New types of binary, propagating map generating systems are introduced. The first one is binary, propagating map OL systems with markers (mBPMOL systems). The second one is binary, propagating map IL systems with markers (mBPMIL systems). After defining the two systems, we consider the following decision problems (1) and (2) on these systems: (1)Whether or not an arbitrary mBPMOL system is deterministic ?(2)Whether or not an arbitrary mBPMIL system is deterministic ? These decision problems are solved. Further, decision problems of stability in these two systems are discussed. Finally, some relevant remarks related to map generating systems are given

A. Nakamura, A. Lindenmayer, K. Aizawa

A Programming Language for Lindenmayer Systems

We introduce a programming language for L-systems, based on the ideas behind Milner’s (S)CCS. We sketch a calculus of these programs, and illustrate the use of such a calculus in proving that the formal languages associated with our programs form a very well-known class of languages in L-theory.

Mogens Nielsen

A Note on Significance of Cellular Interaction in L-system

It will naturally be expected that the number of necessary states for a PDIL system GI is not greater than that for a PDOL system GO such that GI and GO generate growth processes which are equivalent in a certain sense. Intention of this short note is to indicate a fact that existence of cellular interaction compensates or reduces the number of necessary states in comparison with interactionless system. In this note, for the sake of simplicity, we treat the propagative deterministic L system, while generalization is expected.

Hidenosuke Nishio

Eol Grammars and Search Trees

We consider EOL grammars as tree generating mechanisms. This leads to questions of height, weight, and structural equivalence of EOL grammars. Height equivalence is solved completely, weight equivalence remains open, and structural equivalence is solved for three special cases. We characterize those EOL grammars which generate exactly the set of 2,3-trees.

Thomas Ottmann, Derick Wood

Variation in Inflorescence Structure in Cotoneaster Franchetti

Cotoneaster franchetti (Rosaceae) is a garden ornamental shrub which in the climate of Christchurch reaches a height of about three metres, with long curving sprays, and bears some leaves right through the winter. The flowers are small and pink, in inflorescences of about ten flowers on short spurs from the axils of the leaves on the sprays of the previous year. The reseach leading to this paper was directed towards a mathematical model describing the construction of these inflorescences. As will appear, the results are not as expected.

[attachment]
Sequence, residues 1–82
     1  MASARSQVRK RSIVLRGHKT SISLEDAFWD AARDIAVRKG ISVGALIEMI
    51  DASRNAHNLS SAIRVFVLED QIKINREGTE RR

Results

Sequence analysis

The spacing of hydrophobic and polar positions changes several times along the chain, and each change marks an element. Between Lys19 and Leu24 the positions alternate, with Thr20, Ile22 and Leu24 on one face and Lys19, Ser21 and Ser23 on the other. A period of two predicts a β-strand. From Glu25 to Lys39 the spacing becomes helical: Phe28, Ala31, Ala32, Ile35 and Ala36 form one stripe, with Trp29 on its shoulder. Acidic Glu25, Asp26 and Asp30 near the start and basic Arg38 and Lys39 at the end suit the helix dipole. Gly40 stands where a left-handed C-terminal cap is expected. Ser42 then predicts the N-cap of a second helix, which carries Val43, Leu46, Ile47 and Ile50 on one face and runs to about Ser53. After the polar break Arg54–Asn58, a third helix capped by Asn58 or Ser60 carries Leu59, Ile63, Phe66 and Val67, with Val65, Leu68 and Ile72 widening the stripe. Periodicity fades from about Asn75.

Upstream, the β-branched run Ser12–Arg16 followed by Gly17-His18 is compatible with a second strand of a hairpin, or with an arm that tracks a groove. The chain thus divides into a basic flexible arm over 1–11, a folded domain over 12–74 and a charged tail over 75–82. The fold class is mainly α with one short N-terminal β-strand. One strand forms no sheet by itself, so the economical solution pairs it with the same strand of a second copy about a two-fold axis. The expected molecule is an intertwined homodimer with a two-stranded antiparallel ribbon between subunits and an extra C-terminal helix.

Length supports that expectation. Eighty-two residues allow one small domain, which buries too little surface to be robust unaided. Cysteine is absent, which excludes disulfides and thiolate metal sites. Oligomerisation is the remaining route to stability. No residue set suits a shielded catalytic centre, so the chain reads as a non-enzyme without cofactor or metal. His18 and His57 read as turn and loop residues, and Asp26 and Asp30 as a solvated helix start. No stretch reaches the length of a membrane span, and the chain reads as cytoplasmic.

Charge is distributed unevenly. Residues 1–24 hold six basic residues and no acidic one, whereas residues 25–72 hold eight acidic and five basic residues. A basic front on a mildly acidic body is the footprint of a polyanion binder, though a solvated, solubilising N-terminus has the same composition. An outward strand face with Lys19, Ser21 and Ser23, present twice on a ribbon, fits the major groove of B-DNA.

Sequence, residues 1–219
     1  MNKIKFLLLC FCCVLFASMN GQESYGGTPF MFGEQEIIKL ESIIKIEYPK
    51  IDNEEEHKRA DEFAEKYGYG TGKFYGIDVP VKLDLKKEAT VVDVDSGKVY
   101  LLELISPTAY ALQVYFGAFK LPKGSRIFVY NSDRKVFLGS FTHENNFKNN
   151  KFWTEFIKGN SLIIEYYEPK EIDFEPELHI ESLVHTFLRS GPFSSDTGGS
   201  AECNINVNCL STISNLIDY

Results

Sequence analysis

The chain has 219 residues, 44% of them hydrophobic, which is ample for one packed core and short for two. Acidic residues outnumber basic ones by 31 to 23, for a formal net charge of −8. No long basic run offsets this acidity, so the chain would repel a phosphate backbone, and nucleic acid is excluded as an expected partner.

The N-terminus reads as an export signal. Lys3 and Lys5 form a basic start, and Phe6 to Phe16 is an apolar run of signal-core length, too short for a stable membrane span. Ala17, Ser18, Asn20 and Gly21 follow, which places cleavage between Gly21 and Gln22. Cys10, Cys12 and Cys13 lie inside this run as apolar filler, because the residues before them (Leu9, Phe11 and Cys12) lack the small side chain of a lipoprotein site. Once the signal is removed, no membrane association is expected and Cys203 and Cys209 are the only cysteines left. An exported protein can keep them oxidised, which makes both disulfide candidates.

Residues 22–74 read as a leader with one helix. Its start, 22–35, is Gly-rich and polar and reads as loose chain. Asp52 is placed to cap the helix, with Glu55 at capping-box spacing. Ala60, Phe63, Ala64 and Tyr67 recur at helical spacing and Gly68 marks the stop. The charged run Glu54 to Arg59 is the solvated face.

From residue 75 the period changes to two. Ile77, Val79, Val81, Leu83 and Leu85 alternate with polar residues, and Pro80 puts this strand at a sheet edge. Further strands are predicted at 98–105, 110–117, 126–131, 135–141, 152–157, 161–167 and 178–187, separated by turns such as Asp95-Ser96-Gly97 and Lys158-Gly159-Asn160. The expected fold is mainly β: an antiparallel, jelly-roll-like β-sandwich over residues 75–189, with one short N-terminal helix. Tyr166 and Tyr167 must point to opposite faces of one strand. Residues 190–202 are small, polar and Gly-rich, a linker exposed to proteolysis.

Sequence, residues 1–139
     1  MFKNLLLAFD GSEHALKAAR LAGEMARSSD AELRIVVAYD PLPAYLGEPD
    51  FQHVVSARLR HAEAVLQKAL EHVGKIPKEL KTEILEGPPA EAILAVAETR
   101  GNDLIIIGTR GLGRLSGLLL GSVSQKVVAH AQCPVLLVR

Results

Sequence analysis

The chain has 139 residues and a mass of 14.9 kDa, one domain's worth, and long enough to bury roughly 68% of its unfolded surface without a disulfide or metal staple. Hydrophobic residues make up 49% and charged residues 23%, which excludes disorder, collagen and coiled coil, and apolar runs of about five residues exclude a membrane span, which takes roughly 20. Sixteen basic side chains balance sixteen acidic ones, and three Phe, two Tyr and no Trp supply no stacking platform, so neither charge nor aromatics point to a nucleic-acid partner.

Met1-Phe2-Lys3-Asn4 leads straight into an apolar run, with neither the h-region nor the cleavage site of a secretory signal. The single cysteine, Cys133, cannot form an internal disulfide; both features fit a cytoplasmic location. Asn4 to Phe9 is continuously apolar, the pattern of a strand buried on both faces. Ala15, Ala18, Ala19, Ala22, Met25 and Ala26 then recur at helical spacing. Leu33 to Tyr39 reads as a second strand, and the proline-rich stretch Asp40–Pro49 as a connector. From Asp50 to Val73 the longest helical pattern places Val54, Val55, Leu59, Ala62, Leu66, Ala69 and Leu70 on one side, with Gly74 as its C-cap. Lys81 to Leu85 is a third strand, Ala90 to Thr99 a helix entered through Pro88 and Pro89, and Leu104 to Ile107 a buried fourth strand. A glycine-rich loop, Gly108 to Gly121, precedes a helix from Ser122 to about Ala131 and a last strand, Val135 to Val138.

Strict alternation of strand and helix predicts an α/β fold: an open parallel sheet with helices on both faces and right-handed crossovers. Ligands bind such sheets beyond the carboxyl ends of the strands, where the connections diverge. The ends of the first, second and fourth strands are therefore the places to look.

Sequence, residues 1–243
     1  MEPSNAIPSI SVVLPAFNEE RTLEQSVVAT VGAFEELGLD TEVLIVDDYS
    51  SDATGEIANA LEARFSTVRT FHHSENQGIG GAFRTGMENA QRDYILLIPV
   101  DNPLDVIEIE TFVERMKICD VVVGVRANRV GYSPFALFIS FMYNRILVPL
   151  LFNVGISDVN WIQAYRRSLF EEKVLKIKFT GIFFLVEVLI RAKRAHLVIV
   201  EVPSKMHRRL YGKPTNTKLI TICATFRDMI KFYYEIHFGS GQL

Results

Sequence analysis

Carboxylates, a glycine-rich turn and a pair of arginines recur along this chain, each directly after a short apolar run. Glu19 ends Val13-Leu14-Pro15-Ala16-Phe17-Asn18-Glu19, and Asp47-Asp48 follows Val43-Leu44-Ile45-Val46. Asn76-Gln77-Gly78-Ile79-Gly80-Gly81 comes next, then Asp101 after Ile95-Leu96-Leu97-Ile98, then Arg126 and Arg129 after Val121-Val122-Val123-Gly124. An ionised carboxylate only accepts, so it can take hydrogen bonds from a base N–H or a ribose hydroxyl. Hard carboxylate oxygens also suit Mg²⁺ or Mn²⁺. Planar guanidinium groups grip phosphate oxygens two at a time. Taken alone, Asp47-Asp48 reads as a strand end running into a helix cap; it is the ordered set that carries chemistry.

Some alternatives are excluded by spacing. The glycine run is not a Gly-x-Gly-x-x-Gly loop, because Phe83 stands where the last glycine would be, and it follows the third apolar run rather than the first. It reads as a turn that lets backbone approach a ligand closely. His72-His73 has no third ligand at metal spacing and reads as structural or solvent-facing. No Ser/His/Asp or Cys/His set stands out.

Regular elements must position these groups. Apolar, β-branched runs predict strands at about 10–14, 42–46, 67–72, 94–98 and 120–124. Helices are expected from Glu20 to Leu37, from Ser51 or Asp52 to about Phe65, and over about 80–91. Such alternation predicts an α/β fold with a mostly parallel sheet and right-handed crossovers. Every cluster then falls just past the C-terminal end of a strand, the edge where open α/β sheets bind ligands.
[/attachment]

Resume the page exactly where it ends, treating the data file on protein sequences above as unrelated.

D. F. Robinson

Partial Path Groups and Parallel Graph Contractions

We define an algebraic structure on the paths in a graph based on a coloring of the arcs. Using this structure, basic classes of graphs (trees, hypercubes, arrays, cliques, etc.) are characterized by simple algebraic properties. The structure provides a framework for defining parallel contraction operations on a graph, in which many pairs of nodes are simultaneously collapsed into single nodes, but the degree of the graph does not increase. Such operations are useful in defining systematic strategies for simulating large networks of processors by smaller ones, or in building “pyramids” of networks.

Azriel Rosenfeld

When L was Young

Instead of a technical paper, the editors of this book want to celebrate Aristid’s birthday in a very informal way: by personal recollections from the early days of L systems. Our contribution is intended to be very non-scientific. Neither interviews nor library studies were made. The presented material results from several extended Salosauna sessions. We are completely aware of the fact that several important details are missing, e.g., the story of Gabor Herman getting involved. In spite of eventual inaccuracies, we still hope that our contribution will be of interest for both the L and the non-L crowd.

Grzegorz Rozenberg, Arto Salomaa

Equivalence Problems for Regular sets of Word Morphisms

Despite its firm basis in theoretical biology L systems theory has had some far reaching repercussions in mathematics and theoretical computer science. One of these is the emphasis on iterated composition of morphisms on a free monoid (word morphisms). This leads naturally to set equivalence problems, familiar from formal language theory, and sequence equivalence problems (variously known also as strong equivalence, graph equivalence or tree equivalence problems in deterministic L systems theory).

Keijo Ruohonen

Parentheses Grammars and Lindenmayer Grammars